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Sometimes it seems as though there are just too many skin conditions and skin care concerns to keep track of. Lucky for you, that’s where we come in. Think you’ve fallen victim to acne on your arms or legs, but something just isn’t adding up? Before you turn to Google and jump to conclusions, know this: You may actually have keratosis pilaris. No need to fret—keratosis pilaris is a common, harmless skin condition, according to the Mayo Clinic. Still, we’re sure you’re curious. Read on to learn what keratosis pilaris is, what causes it, keratosis treatments you can incorporate into your skin care routine, and more.
Like we mentioned above, keratosis pilaris is a harmless skin condition that’s more common than you might think. In fact, the Cleveland Clinic states that keratosis pilaris is so common that it is considered to be a skin type rather than a skin condition by many dermatologists. According to the American Academy of Dermatology (AAD), it appears as tiny bumps on the skin that some say look like goosebumps or the skin of a plucked chicken, which is why it’s also referred to as “chicken skin”. Keratosis pilaris can appear on your face—usually your cheeks—as well as on the upper arms, thighs, and buttocks, according to the Mayo Clinic. These rough-feeling bumps are actually plugs of dead skin cells, per the AAD. Speaking of which…
What causes keratosis pilaris? The Mayo Clinic states that KP results from the buildup of keratin—a hard protein that protects skin from harmful substances and infection. This keratin forms a scaly plug that blocks the opening of the hair follicle, per the Mayo Clinic, resulting in patches of rough, bumpy skin. People with fair or light skin tones are more likely to develop keratosis pilaris, according to the Cleveland Clinic, as well as people with a history of eczema, asthma, or allergies, or individuals who are overweight.
You’re probably wondering if it’s possible to get rid of keratosis pilaris on the legs and other areas of your body. Unfortunately, there isn’t a permanent solution, though there are temporary ones available. According to the Cleveland Clinic, some people don’t see any difference, but those that do will need to be consistent with their routines.
Wondering what options you can try to help improve the look of keratosis pilaris? Here are a few common options if you have “chicken skin,” but keep in mind that you’ll still want to visit your dermatologist for professional advice.
Keratosis Pilaris Treatment #1: Over-the-counter lotions. Per the Cleveland Clinic, dry skin can cause this skin condition to look worse. Using an over-the-counter keratosis pilaris lotion will keep your skin hydrated, minimizing and softening the appearance of bumps.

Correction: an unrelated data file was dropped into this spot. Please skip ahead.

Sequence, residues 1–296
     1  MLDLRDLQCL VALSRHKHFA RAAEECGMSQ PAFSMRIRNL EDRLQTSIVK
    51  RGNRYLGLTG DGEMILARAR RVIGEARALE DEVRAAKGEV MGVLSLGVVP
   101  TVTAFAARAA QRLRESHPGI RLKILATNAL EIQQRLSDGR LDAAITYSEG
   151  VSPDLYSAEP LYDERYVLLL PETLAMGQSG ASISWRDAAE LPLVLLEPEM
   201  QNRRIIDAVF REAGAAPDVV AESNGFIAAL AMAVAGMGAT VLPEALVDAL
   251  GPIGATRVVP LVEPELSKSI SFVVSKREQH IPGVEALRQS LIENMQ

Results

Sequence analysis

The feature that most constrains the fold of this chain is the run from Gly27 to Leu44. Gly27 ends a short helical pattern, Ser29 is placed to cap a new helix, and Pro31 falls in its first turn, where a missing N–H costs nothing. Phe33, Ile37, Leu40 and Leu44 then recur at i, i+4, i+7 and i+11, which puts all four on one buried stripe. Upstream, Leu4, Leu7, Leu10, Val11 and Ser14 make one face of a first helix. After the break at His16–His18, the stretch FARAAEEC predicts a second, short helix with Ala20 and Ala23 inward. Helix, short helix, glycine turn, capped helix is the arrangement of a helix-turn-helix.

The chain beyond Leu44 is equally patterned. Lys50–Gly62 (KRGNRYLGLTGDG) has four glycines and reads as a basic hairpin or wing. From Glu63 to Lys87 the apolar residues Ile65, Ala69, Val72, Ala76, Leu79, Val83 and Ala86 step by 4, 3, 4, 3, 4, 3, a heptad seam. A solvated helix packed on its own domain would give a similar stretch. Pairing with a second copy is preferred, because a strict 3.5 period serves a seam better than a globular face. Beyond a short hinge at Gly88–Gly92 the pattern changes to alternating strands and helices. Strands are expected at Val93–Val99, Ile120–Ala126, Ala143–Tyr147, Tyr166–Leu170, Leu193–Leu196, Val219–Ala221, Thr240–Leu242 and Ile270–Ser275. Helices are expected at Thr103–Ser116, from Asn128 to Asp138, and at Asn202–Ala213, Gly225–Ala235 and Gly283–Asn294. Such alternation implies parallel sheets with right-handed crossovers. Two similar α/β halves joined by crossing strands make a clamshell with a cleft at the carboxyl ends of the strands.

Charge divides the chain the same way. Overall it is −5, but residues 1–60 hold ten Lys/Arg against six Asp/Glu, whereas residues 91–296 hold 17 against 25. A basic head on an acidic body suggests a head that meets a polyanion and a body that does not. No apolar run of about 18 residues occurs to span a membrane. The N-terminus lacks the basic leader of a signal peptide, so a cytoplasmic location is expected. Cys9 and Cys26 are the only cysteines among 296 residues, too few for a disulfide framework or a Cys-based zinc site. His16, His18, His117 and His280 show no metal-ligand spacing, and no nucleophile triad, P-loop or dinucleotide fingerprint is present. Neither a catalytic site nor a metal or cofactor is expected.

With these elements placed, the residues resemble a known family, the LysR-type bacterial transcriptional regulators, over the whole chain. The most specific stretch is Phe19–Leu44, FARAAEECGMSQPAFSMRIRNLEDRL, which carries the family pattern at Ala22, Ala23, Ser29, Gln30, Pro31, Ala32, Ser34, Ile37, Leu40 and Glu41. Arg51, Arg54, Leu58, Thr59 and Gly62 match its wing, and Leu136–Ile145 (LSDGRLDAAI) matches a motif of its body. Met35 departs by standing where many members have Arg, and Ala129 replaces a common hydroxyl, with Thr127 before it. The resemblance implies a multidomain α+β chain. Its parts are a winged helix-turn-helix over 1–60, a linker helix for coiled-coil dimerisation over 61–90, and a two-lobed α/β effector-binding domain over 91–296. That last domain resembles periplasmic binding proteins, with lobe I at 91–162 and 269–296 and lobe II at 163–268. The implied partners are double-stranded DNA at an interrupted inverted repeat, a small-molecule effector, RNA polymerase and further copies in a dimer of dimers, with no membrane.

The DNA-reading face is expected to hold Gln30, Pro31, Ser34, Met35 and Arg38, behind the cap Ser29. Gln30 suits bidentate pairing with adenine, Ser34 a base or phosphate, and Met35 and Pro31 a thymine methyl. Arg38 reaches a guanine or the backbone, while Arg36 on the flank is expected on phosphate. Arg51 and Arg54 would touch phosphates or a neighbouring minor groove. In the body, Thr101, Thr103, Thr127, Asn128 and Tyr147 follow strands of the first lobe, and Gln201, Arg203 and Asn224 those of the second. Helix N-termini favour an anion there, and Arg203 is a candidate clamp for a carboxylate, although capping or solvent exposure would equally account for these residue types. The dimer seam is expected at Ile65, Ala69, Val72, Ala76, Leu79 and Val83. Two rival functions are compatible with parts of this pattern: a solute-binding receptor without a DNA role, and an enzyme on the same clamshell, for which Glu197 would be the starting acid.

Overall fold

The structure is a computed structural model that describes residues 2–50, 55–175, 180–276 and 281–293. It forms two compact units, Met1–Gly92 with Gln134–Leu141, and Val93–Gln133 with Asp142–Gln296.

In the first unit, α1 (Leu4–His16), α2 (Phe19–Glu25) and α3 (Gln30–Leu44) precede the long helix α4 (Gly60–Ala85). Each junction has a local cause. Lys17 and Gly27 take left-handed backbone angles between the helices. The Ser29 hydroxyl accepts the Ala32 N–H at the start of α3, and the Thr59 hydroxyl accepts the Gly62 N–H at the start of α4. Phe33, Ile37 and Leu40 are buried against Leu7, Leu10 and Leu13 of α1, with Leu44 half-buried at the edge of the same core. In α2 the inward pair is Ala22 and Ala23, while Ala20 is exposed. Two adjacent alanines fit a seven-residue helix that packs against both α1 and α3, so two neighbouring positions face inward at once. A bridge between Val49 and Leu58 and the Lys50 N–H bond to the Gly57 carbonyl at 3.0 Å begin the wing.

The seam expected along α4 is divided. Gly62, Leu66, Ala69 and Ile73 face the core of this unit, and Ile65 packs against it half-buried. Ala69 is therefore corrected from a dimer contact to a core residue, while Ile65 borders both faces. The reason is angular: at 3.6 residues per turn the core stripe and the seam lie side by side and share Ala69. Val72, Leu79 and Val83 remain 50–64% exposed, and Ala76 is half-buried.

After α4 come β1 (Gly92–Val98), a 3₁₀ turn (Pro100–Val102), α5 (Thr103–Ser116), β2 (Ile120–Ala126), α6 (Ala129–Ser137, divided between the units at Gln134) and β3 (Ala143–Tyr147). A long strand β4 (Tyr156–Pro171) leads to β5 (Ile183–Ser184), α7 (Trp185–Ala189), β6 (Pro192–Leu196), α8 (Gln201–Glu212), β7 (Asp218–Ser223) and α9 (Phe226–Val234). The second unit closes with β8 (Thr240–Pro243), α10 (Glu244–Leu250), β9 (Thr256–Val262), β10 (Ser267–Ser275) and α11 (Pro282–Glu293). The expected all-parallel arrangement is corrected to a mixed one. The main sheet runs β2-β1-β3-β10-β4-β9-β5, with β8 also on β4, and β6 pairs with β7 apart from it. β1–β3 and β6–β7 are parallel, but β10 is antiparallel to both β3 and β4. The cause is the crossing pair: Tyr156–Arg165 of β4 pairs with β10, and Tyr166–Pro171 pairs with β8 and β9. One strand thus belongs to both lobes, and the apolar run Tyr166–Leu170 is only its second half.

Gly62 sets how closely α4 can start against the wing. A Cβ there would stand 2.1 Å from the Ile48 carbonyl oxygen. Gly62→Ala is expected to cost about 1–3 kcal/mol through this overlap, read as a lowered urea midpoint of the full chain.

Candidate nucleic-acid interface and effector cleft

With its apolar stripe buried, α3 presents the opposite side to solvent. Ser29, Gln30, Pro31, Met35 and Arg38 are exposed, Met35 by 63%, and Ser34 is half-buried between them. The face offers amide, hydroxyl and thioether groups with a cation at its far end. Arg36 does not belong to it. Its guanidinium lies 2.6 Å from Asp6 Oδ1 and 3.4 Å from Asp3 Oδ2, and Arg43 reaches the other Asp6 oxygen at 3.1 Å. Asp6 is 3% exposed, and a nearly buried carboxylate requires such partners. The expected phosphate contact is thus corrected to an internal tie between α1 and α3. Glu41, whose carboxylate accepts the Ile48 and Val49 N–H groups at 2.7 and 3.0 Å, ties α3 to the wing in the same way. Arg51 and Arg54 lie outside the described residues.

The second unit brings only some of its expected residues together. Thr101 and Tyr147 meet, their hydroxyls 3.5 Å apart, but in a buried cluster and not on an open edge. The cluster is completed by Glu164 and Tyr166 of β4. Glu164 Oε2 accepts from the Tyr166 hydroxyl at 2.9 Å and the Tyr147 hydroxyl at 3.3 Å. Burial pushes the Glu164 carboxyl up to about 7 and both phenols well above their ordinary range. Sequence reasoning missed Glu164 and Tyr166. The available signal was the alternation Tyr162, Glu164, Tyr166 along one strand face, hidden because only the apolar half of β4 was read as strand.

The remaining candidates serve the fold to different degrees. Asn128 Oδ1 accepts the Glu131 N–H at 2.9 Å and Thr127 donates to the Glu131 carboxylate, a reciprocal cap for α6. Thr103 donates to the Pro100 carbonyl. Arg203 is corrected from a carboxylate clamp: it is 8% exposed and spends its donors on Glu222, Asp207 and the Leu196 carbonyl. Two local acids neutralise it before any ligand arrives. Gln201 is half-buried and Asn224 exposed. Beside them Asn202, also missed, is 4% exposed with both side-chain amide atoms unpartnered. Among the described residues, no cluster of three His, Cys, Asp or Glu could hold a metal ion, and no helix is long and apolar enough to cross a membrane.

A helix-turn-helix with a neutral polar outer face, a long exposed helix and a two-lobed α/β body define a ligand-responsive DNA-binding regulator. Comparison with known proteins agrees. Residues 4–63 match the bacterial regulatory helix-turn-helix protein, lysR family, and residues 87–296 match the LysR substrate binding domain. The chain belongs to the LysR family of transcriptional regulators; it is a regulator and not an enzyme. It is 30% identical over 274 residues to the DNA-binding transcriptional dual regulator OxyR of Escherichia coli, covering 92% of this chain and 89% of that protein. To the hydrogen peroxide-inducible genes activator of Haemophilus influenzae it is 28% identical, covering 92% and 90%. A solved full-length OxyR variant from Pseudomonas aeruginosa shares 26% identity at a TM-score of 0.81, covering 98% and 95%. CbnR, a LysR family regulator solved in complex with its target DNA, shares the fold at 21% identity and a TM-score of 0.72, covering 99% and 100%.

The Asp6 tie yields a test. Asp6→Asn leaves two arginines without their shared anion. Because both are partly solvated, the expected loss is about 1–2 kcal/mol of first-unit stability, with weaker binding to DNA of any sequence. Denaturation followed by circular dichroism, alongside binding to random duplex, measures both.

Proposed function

Keratosis Pilaris Treatment #2: Time. Time is your friend! The Mayo Clinic states that for many people, keratosis pilaris disappears by the time they’re 30.
Keratosis Pilaris Treatment #3: Medicated creams. Certain ingredients can help improve the look of keratosis pilaris. According to the Cleveland Clinic, urea and alpha hydroxy acids can reduce the look of keratosis pilaris. Additionally, creams derived from vitamin A—topical retinoids—promote cell turnover and prevent plugged hair follicles, per the Mayo Clinic, which can help with the appearance of KP.
Keratosis Pilaris Treatment #4: Humidifiers. Aside from keratosis pilaris lotions, a humidifier can also be beneficial in hydrating the skin and lessening the appearance of chicken skin. The Mayo Clinic suggests using a portable home humidifier or one attached to your furnace to add moisture to the air inside your home.
Keratosis Pilaris Treatment #5: Exfoliation. Gentle exfoliation can also help with the appearance of keratosis pilaris. The Cleveland Clinic recommends using a loofah to gently brush the affected areas while you shower or bathe, making sure not to scrub too hard to avoid further irritation.
Keratosis Pilaris Treatment #6: Laser treatment. If you want to reduce the redness that goes hand-in-hand with keratosis pilaris, laser treatments may be worth looking into. According to the Cleveland Clinic, laser treatments offered by a dermatologist can help improve the look of redness associated with chicken skin.
Keratosis Pilaris Treatment #7: Shorter showers. Last but not least, shorten your time in the shower or bath. The Mayo Clinic recommends limiting your shower to 10 minutes or less, as well as bathing in lukewarm water instead of hot, which can strip oils from the skin.
Next: Can You Remove Whiteheads? Everything You Need to Know
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